Behind Lee’s Bread-and-Butter Cutter
As a Minor Leaguer, Future Rangers Ace Was Able to Learn and Master a Cut Fastball, Which Is ‘Just Like a Changeup’
By MIKE SIELSKI
The pitch that, by Cliff Lee’s own admission, set him on the way to stardom is at least 100 years old. It was taught to him by someone who never pitched in the major leagues and had learned it from someone who used it in a World Series against hitters who weren’t trying to hit it.
The pitch is Mr. Lee’s cut fastball, and the story of his discovery and mastery of it is the opening chapter in the winding narrative of his rise into the most feared starting pitcher of this postseason.
When Mr. Lee, a left-hander, starts Game 3 of the American League Championship Series tonight for the Texas Rangers, Alex Rodriguez, Derek Jeter and the rest of the Yankees’ right-handed hitters will have to guard against the pitch boring through the strike zone toward their knuckles and splintering their bats.
In a career in which Mr. Lee has been traded four times, has won the American League Cy Young Award, has been demoted to and recalled from the minor leagues, and now stands to sign a lucrative free-agent contract this off-season, the cut fastball has remained an essential and reliable element of his repertoire.
“There were a lot of different points and times where I felt like I really improved,” Mr. Lee said. Learning the cut fastball “was one of the biggest things that happened for me.”
Mr. Lee, 32, didn’t throw the pitch until 2001, when, having been a fourth-round draft pick of the Montreal Expos, he started 20 games for the Class A Jupiter Hammerheads of the Florida State League. There, he came under the tutelage of coach Arthur “Ace” Adams, who taught the cut fastball to any young pitchers who, he said in a phone interview, “needed something to throw inside.”
At that time, Mr. Adams had not been the only evaluator to consider Mr. Lee a promising if unfinished prospect. Mr. Lee is regarded these days as baseball’s preeminent control pitcher; he walked only 18 hitters in 212 1/3 innings this season, and in his two victories and 16 innings against Tampa Bay in the ALDS, he struck out 21 batters without issuing a base-on-balls.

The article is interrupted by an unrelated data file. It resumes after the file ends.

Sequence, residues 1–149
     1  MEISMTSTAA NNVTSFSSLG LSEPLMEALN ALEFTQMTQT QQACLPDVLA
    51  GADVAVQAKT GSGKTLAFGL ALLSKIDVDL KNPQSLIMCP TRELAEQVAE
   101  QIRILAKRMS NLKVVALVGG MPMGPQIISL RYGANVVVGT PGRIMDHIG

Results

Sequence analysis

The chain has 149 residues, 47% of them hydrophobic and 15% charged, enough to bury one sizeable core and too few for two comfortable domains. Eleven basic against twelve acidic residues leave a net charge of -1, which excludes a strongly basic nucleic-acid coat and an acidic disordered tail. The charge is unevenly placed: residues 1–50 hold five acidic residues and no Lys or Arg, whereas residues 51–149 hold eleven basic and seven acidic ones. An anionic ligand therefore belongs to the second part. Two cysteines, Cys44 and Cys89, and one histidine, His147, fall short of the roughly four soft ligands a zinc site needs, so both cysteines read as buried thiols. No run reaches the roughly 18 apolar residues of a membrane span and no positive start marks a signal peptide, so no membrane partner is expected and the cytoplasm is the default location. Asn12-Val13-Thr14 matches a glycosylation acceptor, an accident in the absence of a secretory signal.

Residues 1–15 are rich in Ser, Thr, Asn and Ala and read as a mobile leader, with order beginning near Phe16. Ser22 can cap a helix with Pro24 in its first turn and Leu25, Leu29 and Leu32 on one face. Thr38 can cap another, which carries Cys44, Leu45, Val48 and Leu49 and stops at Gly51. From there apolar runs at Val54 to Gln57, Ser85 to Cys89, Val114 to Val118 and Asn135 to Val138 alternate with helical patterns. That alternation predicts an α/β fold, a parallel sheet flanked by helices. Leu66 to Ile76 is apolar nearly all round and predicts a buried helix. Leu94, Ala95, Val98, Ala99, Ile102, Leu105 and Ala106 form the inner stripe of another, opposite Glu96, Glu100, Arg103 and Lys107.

But when Joe Jordan, then a scout for the Expos, watched Mr. Lee pitch for the University of Arkansas in the late 1990s, he saw a pitcher who relied primarily on his fastball, not on his control and command, to get hitters out.
“He was nothing like he is now,” Mr. Jordan, now the scouting director for the Baltimore Orioles, said by phone. “He was more of a stuff guy.”
Mr. Lee entered the Expos’ farm system with an assortment of pitches, including a slider, but his fastball was the foundation of his approach. During spring training 2001, Mr. Adams monitored Mr. Lee’s workouts to get a sense of his strengths and weaknesses, and when the two of them arrived in Jupiter, Mr. Adams suggested that Mr. Lee drop his slider and add a cut fastball.
Before his own brief minor-league playing career had petered out and he began coaching in the Expos’ organization, Mr. Adams had been an All-Big Ten pitcher at the University of Michigan in the early 1970s.
He learned the cut fastball from Wolverines coach Ray Fisher, who had pitched in the majors from 1910 to 1920—the first eight of those years with the Yankees. Mr. Fisher went 100-94 with a 2.82 earned-run average over his career, using his cutter to help the Cincinnati Reds reach the World Series in 1919.